Sharlot Hall regional history museum in Prescott, Arizona

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Civic Tourism: Event 2006

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Civic Tourism can help
preserve historic towns

By Dr Dan Shilling, Project Director, Civic Tourism*

15 January 2006: Civic Tourism begins with what some consider an outlandish claim, which is that tourism, one of the largest industries in the world, could help communities preserve their quality of life. The industry’s argument generally ends with ‘economic development,’ but we’re suggesting tourism could help protect historic neighborhoods, save the environment, and preserve cultures – in addition to strengthening the economy. Does it always? No, and some people argue tourism does the opposite, that it ruins ‘sense of place,’ that it’s the problem. We’re suggesting tourism can be part of the solution.

Outside the box | Place as product | Extending the reach |

For example, Sharlot Hall Museum (Arizona, USA), the sponsor of the Civic Tourism project, could not portrait the region’s history as effectively as it does without tourists’ dollars. That’s true for many museums, parks, and other hometown assets. So, can tourism help protect the things we cherish? Yes. Does it always? No, but remember: the tourism industry, as an ‘industry,’ is a relatively new phenomenon. It’s still learning.

So, is Civic Tourism another exercise in whining about how tourism ‘ruined our town’? No, that approach only builds walls we’re trying to tear down. Or do we believe Civic Tourism is the only way to do hospitality? Of course not! It’s simply another tool to help diversify a town’s portfolio. What we do hope to do is foster a constructive dialog about how we can inspire public interest in an industry that has tremendous potential to change communities, at the same time we inspire in the industry a corresponding commitment to the place in which it works.

Outside the box
For years we have tried to create sucessful partnerships between tourism and ‘place-based’ groups – organizations and movements that preserve the cultural, natural, and built environments (museums, parks, historic preservation agencies). The partnerships tend to work when the players can operate outside their rhetorical boxes.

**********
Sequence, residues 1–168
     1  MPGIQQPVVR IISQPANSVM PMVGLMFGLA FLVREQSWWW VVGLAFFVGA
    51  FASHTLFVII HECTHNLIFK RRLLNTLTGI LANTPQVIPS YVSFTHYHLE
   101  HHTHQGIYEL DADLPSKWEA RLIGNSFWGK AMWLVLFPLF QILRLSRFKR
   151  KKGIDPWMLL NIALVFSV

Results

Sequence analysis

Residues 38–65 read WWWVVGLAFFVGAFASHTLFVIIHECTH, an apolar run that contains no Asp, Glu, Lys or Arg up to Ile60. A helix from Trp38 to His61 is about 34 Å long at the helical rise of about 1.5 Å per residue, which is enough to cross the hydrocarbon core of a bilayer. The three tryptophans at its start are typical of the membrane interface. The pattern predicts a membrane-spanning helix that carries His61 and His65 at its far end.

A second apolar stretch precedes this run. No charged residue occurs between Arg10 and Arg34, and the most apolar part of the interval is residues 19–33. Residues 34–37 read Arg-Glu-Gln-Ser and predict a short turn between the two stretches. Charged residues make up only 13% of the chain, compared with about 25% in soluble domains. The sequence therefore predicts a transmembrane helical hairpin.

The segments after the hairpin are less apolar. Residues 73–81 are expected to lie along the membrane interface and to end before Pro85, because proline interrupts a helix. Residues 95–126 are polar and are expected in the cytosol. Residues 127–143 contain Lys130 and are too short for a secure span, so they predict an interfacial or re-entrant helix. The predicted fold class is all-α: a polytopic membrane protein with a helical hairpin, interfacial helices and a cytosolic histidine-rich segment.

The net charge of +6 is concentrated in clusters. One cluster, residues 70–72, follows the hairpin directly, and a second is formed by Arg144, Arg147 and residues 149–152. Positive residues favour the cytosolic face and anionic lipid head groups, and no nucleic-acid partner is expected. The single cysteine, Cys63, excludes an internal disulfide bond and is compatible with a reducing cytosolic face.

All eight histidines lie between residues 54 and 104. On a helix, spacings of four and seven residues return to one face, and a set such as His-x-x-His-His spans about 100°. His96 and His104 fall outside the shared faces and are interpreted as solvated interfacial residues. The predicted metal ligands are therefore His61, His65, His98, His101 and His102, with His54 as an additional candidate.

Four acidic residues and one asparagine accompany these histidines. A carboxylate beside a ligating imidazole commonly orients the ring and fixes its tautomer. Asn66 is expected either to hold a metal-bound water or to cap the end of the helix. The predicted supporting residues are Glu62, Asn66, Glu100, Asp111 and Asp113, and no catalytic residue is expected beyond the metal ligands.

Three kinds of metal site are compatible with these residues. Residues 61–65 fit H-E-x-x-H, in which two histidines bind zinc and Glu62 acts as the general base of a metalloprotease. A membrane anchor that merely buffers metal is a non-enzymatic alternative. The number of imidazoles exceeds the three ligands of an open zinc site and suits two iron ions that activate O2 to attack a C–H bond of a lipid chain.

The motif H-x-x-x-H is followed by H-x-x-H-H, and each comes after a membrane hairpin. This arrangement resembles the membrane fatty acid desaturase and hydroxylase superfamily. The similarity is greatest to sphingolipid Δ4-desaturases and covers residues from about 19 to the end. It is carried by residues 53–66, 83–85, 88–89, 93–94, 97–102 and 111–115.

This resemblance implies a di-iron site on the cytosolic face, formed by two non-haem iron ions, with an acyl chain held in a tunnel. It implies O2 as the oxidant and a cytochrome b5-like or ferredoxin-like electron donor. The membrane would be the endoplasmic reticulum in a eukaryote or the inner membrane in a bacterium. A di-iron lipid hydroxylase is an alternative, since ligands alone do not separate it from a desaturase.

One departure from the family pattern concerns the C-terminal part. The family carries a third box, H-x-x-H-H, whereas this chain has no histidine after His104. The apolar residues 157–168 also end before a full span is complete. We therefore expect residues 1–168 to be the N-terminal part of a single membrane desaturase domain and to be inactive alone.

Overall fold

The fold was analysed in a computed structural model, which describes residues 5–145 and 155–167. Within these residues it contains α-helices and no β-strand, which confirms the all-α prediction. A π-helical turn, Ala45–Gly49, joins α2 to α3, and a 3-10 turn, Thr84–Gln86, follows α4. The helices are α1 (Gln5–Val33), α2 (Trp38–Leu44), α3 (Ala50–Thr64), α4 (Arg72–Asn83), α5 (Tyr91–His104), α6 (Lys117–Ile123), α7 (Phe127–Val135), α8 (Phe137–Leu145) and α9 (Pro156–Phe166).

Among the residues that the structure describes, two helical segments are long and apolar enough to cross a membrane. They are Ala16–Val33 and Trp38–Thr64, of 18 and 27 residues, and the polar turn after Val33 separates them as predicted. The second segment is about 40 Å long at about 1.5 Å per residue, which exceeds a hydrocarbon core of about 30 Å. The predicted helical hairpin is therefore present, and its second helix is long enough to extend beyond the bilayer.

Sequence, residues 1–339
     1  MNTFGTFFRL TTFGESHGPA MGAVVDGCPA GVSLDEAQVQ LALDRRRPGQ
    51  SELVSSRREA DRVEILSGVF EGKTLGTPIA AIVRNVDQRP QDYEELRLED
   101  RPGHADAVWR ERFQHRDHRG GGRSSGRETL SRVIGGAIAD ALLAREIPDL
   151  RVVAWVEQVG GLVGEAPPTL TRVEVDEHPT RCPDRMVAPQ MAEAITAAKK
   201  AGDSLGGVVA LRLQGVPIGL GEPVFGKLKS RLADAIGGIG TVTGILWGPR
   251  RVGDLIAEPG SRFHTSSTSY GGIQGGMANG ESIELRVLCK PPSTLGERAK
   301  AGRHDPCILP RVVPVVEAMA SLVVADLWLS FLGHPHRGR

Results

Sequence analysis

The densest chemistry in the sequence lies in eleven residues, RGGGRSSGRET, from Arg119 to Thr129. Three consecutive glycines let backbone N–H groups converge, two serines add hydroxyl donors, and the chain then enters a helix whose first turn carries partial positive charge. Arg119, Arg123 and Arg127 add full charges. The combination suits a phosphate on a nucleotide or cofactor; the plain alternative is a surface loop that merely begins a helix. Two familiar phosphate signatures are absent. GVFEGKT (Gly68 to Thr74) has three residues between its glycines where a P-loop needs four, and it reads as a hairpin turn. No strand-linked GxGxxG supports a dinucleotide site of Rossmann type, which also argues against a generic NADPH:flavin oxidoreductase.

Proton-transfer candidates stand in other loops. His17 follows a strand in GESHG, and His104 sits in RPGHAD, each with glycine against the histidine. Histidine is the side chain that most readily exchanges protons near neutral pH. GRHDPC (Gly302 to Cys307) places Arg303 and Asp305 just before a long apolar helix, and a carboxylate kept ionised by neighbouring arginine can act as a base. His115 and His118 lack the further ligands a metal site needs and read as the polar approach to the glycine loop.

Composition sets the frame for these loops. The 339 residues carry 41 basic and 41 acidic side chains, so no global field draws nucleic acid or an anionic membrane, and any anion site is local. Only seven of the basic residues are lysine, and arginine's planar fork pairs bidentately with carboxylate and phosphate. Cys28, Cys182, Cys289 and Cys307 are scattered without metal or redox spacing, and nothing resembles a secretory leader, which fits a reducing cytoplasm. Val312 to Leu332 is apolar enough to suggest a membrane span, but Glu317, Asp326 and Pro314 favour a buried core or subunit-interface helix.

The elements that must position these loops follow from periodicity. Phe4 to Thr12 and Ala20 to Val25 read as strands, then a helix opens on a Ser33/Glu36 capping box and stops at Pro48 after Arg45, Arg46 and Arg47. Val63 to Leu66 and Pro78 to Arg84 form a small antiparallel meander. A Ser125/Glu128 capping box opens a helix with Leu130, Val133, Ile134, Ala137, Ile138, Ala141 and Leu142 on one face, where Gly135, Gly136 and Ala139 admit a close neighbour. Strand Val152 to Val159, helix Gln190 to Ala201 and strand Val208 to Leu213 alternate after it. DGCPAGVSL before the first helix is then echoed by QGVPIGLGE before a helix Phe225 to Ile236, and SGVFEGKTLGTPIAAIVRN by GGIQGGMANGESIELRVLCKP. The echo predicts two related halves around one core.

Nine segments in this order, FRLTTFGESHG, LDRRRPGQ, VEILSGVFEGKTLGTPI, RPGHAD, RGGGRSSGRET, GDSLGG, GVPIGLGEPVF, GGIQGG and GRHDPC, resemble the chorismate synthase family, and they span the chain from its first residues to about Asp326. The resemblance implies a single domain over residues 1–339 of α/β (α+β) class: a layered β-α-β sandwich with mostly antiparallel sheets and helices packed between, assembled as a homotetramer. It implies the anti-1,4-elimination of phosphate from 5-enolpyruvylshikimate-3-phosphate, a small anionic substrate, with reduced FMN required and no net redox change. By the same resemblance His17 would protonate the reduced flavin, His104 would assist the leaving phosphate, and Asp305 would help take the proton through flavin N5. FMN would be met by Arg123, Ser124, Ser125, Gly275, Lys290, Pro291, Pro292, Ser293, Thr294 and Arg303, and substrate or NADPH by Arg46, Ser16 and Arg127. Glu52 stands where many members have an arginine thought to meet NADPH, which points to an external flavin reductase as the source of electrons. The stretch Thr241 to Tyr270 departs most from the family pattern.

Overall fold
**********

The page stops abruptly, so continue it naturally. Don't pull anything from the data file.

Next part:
Tourism, for instance, is often caught in the ‘economic development’ box. Whenever the industry needs to defend itself it invariably falls back on jobs, bed taxes, and other financial incentives. Certainly tourism brings dollars, but nearly every other sector makes that argument, and surveys suggest many residents would forgo tourism’s economic benefits if they could ‘just have my old town back’. Civic Tourism encourages the industry to do better, not just more. The industry misses an opportunity by staying stuck in the economic development box, by not showing how tourism can help places preserve their character – an argument that connects to the values that resonate with citizens.

On the other side, the industry critics ought to get out of the tourism-ruins-towns box. There’s no social determinism that says inviting visitors to one’s community spoils the things we love. Can it? Yes. Does it have to? No. But that’s the point – communities have a choice. Rather than hold the industry at arm’s length, community stewards should help design a vision for tourism that’s as good for residents as it is for visitors.

Voices critical of tourism imply towns should put up walls to keep visitors out, because, oh my, look what happened to Santa Fe. The problem with that is that it’s not going to happen. Tourism is one of the world’s largest industries, and it’s growing. It’s not a matter of if we do tourism, but how we do it.

That’s why we say to museums, parks, and others: be at the table. You are the product! The chamber of commerce is not the attraction. They’re marketers, and they rarely provide funding and direction to build or enhance products. I can’t make that clearer: we need to invest in product development, and that investment has to be both conceptual (what is the product?) and financial (how do we enhance it?). That’s what we mean by the project’s subtitle: “the poetry and politics of place” – the product and process of place-making. Talk of place as an economic stimulator is all around, particularly from the “creative economy” sector. Civic Tourism simply extends these discussions to hospitality.

Place as product
Study the history of place-based tourism, like eco- or heritage tourism, and you’ll find similar vocabularies and methodologies. They all begin with preservation; they’re all in the place-enhancing business, but rarely do we find them at the same table where tourism is concerned. But place is not just heritage, land, or buildings – it’s all three. Civic Tourism encourages an integrated notion of place, where these groups don’t interact with tourism in their usual piecemeal, episodic, project-by-project way, but where place becomes the project.